14 Through emptying spaces of assembly where indeterminacies proliferate, the spaces where repeated encounters have the potential to both cohere and decohere difference itself, the regime hopes to limit bodies to relating to one another within the already-existing organization and distribution of the city: in the home with family, at work with coworkers and managers, in places of worship with others of faith, at school with students and teachers. These are spaces where bodies are made to be more determinate, predictable, and recognizable in their roles in relations, spaces where bodies are apprehended as being bodies in particular, spaces where most often difference is simply reproduced and reinscribed, foreclosing upon experimental practices of living and becoming that flourish in assemblies.
15 Sisi's systematic yet unpredictable repression of queers, political dissidents, students, and artists suffocate the conditions of possibility for assembly that have the potential to reorganize forms of difference and practices of living in the city. These forms of repression function in tactically distinct yet strategically interconnected ways. First, the regime renders already existing social formations more precarious as a means of affectively regulating them. By heightening the felt vulnerability of communities through the virtual multiplication of the regime’s possible violence, the regime pushes groups to become cautious, afraid and isolated, trying to foreclose upon forms of affinity that could otherwise take shape. Second, the regime extinguishes and empties spaces where bodies can possibly encounter and assemble with one another against the logic of the regime. This strategy is manifest in the military’s regular closure of Tahrir, but also in attacks on other spaces of indeterminate assembly across the city such as galleries, mosques, cafés, classrooms, theaters, and soccer stadiums. This dual motion of the regime’s security practices, the production of possible violence and the foreclosure of the possibility for assembly, is the dynamic technique Sisi uses to reproduce his power.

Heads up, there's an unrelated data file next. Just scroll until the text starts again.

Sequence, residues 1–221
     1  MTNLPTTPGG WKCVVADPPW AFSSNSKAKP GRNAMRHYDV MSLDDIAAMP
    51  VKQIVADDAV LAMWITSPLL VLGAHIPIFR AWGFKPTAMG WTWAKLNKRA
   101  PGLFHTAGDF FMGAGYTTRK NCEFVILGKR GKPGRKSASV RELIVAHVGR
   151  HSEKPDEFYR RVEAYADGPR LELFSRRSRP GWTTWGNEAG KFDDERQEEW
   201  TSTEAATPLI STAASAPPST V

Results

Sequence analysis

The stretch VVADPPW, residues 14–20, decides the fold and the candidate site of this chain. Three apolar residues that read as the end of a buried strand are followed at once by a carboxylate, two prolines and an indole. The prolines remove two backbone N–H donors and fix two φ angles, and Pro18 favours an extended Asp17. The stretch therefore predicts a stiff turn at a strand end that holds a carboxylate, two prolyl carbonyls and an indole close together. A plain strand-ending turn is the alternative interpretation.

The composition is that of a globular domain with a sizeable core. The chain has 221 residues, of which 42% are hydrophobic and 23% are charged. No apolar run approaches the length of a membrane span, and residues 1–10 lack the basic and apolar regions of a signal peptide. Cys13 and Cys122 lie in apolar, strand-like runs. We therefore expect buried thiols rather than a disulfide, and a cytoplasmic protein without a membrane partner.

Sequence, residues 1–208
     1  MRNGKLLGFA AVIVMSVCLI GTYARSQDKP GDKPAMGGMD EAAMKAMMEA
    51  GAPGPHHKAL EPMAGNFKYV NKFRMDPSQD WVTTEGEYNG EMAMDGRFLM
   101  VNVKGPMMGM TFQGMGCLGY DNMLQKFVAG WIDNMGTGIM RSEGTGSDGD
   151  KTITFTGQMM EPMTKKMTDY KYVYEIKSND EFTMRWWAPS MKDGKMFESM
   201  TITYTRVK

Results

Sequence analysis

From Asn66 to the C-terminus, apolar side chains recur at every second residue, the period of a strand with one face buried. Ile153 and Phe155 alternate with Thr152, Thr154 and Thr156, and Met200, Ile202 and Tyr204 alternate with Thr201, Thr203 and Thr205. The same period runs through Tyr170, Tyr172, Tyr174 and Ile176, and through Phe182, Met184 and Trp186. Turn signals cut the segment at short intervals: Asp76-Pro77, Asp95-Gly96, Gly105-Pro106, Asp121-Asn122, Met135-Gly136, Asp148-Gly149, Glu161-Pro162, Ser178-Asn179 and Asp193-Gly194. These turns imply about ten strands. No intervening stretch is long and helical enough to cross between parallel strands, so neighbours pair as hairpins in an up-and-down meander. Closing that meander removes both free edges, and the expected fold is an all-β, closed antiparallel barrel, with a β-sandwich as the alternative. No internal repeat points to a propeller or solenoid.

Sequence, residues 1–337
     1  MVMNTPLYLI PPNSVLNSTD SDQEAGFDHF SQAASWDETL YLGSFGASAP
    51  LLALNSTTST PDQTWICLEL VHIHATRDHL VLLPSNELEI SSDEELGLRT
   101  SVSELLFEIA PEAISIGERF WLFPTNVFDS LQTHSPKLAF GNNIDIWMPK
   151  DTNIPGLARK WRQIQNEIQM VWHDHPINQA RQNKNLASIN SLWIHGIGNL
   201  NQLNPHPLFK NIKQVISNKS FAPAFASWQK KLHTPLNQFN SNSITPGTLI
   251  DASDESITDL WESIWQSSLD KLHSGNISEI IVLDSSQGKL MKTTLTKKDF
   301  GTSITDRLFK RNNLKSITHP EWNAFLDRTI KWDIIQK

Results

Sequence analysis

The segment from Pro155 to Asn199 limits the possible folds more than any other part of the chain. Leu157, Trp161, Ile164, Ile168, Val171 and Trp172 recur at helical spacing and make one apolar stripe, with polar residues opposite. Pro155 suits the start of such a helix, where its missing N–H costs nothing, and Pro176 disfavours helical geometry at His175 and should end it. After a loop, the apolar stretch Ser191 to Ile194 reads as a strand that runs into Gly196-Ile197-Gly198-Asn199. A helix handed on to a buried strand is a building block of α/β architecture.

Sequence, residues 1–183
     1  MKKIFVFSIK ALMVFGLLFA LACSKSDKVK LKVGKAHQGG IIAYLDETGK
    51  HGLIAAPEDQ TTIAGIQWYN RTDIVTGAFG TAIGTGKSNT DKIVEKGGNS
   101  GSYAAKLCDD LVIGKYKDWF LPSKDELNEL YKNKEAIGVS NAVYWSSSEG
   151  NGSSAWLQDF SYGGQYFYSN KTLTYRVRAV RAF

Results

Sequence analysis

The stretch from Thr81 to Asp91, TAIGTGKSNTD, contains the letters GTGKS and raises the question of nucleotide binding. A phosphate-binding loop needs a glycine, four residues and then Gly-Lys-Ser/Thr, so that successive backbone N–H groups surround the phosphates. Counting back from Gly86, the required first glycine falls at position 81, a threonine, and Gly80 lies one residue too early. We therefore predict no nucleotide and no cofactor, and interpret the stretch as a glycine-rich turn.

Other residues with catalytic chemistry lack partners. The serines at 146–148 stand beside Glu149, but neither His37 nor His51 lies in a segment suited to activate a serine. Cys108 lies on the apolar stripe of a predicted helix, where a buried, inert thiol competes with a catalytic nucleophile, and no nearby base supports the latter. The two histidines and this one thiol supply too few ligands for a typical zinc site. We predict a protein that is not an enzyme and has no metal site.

16 In an exchange with the activist
"To my mind I think what frightens them the most is people gathering in ways that they can’t directly control and predict. It doesn't have to be political. When it’s political of course there’s an extra level of scrutiny and aggression directed against it. And yes, there have been tens of thousands of arrests and there are thousands in prison now, for expressly political crimes of conscience, or what have you. But, at the same time when you look at the operating logic of the government and the apparatus and the state, their priorities have been on this notion of a very superficial but a very rigid formal sense of ordering. Bringing order back to the city. ‘Enough Chaos’ they say, ‘Enough Disorder.’ So, we’ve had enormous campaigns of eviction against street vendors that started in August of 2014. Only a couple of weeks ago they evicted the vendors. That was in downtown, and only recently they did the same in Ramses square. Similarly, the cafés in downtown and elsewhere have been targeted by the police supposedly for licensing and other kinds of sidewalk violations. The impact if not the intended effect is a tamping down on the everyday hanging out that people do and the discussions they have. I was talking to a business owner in downtown who, that on his authority, says he was talking to one of the people that was in charge of the policing and utilities, who said they explicitly cleared out the cafés in downtown because the government felt that this is where activists hang out. And so, to deal with that problem, the easiest solution is to basically eliminate the spaces and the arenas where those unstructured behaviors take place." (The "very rigid formal sense of ordering" that